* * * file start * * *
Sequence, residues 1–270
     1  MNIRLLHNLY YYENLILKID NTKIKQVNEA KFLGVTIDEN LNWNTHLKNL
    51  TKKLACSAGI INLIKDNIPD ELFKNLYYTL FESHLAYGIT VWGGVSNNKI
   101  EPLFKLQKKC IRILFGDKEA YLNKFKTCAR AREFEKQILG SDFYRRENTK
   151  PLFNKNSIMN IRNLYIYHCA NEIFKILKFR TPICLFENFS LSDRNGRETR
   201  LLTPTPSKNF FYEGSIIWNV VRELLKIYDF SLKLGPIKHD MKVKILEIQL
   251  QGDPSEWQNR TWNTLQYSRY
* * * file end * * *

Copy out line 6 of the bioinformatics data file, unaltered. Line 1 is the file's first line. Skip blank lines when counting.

   201  LLTPTPSKNF FYEGSIIWNV VRELLKIYDF SLKLGPIKHD MKVKILEIQL